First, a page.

Gregory Heym is Chief Economist at Brown Harris Stevens. His weekly series, The Line, covers new developments to the economy, including trends and forecasts. Read on for the latest report and subscribe here to receive The Line in your inbox.
The U.S. added 943,000 jobs in July, easily beating the 845,000 Dow Jones forecast.
Here are the highlights of the Bureau of Labor Statistics report (Spoiler alert: They are all awesome.)
It was the most jobs added since August 2020.
Both May and June’s employment gains were revised higher.
The unemployment rate fell from 5.9% to 5.4%.
The U-6 unemployment rate, which includes discouraged workers and those working part-time for economic reasons, fell from 9.8% to 9.2%. A year ago, this rate was 16.5%.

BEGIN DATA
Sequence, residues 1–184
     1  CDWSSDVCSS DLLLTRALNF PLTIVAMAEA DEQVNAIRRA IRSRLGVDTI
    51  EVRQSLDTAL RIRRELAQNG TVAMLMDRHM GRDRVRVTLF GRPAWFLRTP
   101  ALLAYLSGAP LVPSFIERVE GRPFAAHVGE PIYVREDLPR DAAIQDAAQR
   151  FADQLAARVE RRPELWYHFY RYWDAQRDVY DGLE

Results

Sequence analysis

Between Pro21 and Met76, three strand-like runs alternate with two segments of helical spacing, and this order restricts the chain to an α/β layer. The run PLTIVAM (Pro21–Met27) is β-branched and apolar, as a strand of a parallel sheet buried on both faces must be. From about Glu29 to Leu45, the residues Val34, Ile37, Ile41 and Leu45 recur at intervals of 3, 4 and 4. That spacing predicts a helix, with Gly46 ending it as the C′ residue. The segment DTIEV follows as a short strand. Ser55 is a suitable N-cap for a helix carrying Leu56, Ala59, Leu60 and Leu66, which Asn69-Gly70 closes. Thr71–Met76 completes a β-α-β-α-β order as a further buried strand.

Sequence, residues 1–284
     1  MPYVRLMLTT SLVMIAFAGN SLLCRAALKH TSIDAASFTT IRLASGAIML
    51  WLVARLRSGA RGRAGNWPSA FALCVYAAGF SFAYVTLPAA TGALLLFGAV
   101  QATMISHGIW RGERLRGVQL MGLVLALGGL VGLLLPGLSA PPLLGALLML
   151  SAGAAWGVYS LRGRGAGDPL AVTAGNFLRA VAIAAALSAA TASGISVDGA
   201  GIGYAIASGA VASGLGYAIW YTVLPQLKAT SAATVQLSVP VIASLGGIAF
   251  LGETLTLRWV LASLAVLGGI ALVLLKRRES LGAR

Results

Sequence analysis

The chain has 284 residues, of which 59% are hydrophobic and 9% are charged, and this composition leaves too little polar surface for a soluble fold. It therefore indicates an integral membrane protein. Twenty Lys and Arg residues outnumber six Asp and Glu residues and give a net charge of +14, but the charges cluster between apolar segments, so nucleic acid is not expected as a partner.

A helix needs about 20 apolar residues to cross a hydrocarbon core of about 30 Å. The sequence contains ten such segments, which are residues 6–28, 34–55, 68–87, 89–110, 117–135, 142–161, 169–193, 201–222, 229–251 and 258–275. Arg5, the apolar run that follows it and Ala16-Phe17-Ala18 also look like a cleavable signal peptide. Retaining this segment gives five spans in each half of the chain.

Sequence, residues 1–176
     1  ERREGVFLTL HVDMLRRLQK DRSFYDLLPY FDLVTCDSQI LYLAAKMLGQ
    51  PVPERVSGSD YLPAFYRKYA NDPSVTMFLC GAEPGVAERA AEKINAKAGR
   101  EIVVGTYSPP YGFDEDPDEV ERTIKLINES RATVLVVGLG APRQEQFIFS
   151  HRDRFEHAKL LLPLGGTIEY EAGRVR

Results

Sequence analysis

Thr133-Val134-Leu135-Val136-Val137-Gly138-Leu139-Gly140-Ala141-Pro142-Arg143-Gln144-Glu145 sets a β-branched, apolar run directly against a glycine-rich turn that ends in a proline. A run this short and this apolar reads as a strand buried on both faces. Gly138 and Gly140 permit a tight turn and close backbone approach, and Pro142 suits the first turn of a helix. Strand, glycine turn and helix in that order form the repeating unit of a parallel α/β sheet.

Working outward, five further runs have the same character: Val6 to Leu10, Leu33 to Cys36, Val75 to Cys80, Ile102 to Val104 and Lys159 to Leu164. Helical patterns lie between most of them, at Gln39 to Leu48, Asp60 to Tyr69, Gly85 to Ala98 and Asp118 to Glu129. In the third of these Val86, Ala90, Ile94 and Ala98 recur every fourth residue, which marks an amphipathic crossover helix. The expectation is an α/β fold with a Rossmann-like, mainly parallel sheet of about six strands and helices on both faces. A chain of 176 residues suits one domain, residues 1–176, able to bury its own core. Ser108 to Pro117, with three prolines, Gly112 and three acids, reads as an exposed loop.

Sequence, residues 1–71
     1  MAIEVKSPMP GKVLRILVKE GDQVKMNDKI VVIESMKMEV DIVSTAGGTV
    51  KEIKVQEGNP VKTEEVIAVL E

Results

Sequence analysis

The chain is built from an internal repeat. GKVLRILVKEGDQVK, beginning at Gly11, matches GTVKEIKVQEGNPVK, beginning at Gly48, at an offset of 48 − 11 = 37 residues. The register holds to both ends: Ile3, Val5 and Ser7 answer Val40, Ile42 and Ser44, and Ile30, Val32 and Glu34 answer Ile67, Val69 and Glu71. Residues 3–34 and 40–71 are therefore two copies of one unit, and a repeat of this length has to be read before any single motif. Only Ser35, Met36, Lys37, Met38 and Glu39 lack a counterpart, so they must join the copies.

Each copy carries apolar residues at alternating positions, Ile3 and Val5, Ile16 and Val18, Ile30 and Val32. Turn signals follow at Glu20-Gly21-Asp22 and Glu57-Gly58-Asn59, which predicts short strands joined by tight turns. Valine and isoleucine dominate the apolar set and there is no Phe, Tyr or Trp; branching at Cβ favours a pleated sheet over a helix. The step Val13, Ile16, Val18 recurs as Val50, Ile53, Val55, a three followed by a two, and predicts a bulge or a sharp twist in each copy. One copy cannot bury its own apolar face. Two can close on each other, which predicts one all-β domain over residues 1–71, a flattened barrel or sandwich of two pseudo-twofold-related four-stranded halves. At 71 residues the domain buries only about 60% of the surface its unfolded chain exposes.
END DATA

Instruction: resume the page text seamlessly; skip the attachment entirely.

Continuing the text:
Average hourly earnings rose more than expected and were 4% higher than a year ago.
This report is about as positive as it gets, with jobs and wages rising while unemployment falls. With over 9 million job openings in the U.S., it was only a matter of time until hiring and wages took off. But we must curb our enthusiasm a bit, because the surveys for this report were conducted before the Delta variant led some local governments to re-impose mask mandates and other restrictions. Many companies have announced vaccination requirements for workers to return to their offices, which, along with more restrictions, may hurt job growth in the next few months.
That said, I’m still optimistic that strong hiring will continue. Yes, the future is uncertain and a bit scary, but we’ve been overcoming scary COVID-19-related things for over a year now.
Continuing Unemployment Claims Fall to Pandemic-Era Law
Initial jobless claims fell to 385,000 last week, their lowest level since the week ending June 5. Continuing claims, which trail by one week, were the real story in this report. They fell to 2.93 million, their lowest level since March 14, 2020.